Crimes on the fall across Down District

Crimes on the fall across Down District

THE number of crimes recorded in Down District has fallen slightly over the past year.

Figures comparing April to December 2012 to the same period last year show a 2.9 per cent reduction, meaning 2,145 crimes were committed.

The figures were revealed at a meeting of Down Policing and Community Partnership last Tuesday by Area Commander, Chief Inspector Deirdre Bones.

Burglaries and violent crime have also reduced but remain at high levels.

The number of burglaries carried out on commercial premises have ped 17.8 per cent to 282, while domestic burglaries have fallen 7.1 per cent to 156.

Theft is up 2.6 per cent, anti-social behaviour is also up 2.4 per cent and violent crime is down 5.4 per cent.

Following her report, Chief Inspector Bones said: “Overall the picture is still very positive for Down but we are beginning to see some figures creeping up.”

Ms. Bones said that with continued decreases in anti-social behaviour in recent years it was not surprising this had started to level off.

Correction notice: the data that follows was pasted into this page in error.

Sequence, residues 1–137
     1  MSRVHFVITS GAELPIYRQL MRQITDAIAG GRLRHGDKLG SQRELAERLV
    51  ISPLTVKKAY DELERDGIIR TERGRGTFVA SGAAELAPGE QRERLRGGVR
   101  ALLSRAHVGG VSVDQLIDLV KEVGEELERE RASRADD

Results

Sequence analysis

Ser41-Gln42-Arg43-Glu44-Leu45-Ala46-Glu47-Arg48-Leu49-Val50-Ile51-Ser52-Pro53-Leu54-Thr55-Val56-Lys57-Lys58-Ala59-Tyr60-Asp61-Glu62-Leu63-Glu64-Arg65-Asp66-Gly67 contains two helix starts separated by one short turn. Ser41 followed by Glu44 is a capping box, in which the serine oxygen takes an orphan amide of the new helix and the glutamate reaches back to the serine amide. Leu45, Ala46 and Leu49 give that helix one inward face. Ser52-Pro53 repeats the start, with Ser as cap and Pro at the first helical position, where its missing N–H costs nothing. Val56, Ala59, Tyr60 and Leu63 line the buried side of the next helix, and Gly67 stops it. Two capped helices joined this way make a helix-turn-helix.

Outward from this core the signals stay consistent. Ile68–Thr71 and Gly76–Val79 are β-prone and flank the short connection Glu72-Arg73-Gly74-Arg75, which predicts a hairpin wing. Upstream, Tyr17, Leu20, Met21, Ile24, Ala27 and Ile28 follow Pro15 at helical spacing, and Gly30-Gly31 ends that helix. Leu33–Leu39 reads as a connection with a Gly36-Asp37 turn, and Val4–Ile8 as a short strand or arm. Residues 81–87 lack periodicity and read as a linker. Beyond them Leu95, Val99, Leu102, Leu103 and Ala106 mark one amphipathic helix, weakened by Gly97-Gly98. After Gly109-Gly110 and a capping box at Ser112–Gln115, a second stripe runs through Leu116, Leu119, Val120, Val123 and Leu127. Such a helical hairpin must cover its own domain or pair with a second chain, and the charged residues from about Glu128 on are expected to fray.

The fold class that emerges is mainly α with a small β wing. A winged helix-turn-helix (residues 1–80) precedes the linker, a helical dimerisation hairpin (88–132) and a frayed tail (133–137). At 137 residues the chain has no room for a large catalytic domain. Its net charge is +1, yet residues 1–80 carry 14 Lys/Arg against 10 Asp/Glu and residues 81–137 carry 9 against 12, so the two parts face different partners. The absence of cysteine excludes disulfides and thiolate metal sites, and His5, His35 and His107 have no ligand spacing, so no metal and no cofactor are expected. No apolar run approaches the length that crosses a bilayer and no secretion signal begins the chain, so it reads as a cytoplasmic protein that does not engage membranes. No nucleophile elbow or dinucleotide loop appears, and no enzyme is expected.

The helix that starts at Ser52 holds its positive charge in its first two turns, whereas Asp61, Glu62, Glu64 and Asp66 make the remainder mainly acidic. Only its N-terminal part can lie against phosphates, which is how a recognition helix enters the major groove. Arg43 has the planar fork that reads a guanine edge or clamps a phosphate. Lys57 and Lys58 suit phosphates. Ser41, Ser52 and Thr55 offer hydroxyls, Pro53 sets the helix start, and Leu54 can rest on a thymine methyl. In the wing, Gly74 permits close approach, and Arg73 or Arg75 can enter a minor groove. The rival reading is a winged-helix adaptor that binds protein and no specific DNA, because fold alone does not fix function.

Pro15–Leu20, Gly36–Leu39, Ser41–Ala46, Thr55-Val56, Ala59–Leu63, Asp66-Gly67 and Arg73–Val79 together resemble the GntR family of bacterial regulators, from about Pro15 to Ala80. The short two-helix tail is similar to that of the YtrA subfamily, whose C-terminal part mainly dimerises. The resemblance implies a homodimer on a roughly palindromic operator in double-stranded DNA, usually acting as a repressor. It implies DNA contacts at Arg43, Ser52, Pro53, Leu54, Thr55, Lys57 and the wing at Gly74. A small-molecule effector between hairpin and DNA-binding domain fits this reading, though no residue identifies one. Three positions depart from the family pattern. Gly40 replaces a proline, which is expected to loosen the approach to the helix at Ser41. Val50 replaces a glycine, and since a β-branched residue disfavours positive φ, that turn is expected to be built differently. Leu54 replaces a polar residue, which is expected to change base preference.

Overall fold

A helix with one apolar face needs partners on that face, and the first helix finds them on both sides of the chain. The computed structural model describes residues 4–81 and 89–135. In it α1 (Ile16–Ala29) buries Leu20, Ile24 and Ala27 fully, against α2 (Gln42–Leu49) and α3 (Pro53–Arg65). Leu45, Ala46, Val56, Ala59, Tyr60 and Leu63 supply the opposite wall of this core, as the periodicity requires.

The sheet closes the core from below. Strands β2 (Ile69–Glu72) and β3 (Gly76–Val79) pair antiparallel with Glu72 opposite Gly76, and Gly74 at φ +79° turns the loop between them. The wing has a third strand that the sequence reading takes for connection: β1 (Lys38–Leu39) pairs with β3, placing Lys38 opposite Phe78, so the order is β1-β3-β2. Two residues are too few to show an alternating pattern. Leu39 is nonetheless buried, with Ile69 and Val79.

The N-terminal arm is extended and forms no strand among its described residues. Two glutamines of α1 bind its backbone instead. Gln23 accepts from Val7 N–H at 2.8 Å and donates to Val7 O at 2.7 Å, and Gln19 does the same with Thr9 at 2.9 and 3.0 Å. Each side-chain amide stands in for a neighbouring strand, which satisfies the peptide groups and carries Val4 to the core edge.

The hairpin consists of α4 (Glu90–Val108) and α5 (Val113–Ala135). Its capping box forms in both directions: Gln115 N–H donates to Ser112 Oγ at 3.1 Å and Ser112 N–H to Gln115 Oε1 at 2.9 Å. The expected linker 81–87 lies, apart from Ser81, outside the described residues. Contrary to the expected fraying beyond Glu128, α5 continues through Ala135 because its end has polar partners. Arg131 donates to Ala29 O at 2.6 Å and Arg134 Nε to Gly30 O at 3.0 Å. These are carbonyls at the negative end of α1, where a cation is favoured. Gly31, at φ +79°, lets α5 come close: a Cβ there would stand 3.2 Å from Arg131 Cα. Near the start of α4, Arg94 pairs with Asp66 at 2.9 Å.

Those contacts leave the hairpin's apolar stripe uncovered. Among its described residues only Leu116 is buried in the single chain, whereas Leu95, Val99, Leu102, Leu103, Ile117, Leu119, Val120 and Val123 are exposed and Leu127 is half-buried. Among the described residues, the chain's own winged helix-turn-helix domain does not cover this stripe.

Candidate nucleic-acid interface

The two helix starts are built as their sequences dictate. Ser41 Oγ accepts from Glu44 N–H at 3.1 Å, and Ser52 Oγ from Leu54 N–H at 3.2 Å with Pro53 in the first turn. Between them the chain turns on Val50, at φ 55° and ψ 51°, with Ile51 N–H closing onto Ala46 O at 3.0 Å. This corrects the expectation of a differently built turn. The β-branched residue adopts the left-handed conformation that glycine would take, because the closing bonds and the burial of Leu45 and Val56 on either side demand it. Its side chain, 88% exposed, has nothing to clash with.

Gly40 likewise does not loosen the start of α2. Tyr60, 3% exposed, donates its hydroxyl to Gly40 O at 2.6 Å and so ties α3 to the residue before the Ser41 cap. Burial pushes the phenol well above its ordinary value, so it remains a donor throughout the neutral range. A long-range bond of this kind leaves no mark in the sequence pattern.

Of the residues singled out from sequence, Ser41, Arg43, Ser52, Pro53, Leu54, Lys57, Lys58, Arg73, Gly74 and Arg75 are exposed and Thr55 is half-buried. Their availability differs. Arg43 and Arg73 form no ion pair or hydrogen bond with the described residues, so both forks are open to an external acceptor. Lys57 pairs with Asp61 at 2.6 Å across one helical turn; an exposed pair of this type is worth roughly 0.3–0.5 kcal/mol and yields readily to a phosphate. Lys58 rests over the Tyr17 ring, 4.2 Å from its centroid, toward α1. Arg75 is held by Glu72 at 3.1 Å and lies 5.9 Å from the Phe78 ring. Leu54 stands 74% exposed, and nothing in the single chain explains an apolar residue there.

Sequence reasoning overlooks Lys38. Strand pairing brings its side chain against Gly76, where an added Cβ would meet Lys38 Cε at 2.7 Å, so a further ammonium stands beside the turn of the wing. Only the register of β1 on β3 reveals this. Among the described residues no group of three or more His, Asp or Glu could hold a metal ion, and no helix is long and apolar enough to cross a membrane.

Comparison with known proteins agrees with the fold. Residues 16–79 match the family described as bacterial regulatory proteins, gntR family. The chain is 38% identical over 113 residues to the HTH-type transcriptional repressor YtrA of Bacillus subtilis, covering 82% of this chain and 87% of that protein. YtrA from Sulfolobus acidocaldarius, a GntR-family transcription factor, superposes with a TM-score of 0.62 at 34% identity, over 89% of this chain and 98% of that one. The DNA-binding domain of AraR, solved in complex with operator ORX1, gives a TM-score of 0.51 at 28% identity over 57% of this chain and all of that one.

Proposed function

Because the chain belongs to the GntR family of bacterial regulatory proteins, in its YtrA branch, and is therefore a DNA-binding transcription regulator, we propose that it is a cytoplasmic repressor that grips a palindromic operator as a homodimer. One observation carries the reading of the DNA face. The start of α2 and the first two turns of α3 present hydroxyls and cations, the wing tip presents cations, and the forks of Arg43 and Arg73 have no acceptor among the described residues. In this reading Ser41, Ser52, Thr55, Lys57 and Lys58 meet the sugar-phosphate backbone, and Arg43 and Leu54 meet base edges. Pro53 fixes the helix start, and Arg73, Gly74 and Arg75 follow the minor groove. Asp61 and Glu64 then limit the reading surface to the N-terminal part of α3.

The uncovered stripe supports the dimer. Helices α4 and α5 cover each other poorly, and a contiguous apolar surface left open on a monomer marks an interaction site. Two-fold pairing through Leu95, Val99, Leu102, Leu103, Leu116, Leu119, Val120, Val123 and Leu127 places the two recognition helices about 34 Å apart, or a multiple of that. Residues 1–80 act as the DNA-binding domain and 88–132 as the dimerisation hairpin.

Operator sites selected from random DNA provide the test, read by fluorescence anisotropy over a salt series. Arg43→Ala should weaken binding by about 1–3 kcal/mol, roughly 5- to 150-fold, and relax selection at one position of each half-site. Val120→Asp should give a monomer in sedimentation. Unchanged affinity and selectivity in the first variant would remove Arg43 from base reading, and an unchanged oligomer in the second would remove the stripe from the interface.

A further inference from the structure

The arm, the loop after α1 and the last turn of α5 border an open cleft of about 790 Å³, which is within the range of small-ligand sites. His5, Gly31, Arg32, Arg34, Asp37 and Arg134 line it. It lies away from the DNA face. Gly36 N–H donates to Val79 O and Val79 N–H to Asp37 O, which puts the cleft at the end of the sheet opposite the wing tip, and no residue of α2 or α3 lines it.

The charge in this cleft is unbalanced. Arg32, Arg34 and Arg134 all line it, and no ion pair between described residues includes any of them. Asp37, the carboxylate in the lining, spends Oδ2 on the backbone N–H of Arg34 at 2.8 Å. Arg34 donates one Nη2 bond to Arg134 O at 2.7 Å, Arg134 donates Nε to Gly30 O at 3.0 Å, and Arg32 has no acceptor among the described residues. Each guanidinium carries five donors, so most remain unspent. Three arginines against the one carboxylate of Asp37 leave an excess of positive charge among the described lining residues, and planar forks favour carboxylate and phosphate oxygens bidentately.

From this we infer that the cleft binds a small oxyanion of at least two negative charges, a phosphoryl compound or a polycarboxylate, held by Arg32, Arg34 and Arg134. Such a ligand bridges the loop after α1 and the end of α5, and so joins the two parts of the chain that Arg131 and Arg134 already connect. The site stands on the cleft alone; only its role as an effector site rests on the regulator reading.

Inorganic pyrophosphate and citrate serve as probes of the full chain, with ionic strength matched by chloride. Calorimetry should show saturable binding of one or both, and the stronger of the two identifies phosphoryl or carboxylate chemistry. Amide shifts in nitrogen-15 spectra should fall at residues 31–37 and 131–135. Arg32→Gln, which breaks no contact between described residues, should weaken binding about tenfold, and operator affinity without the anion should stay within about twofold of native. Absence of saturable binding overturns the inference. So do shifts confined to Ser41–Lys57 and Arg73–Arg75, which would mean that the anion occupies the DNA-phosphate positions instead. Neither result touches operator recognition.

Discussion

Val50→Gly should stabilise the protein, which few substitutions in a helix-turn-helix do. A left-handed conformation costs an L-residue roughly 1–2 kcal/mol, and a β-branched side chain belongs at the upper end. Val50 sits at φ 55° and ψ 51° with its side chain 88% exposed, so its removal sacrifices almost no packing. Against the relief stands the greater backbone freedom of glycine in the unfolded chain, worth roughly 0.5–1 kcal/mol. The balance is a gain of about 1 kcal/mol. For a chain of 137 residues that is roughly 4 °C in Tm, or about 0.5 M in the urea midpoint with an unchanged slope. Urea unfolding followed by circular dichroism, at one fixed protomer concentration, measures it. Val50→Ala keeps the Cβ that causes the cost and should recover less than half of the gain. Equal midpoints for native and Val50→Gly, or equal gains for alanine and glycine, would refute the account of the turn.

She said they also needed to keep “hammering home” the message of keeping valuables out of sight from opportunistic thieves and securing homes.

She said a pattern of thefts from vehicles had become apparent at local churches and urged people not leave valuables behind when they attended services.

Members were asked if they had particular issues of concern that they wished to suggest for consideration in next year’s Local Policing Plan.

Councillor Liam Johnston said “drugs were a big problem”, while Patsy Toman said “organised gangs” were responsible for many local burglaries and needed to be tackled.

Ms. Bones acknowledge that there were organised crime gangs.

“We are looking at strategies,” she said.

Apart from this, however, members said they were happy for the new policing plan to work along the lines of the existing plan, whose priorities include the reduction of burglaries, anti-social behaviour and violent crime, along with less deaths and serious injuries on the road.

The newly formed Policing and Community Safety Partnership is yet to have a meeting in public but is expected to do so in the New Year.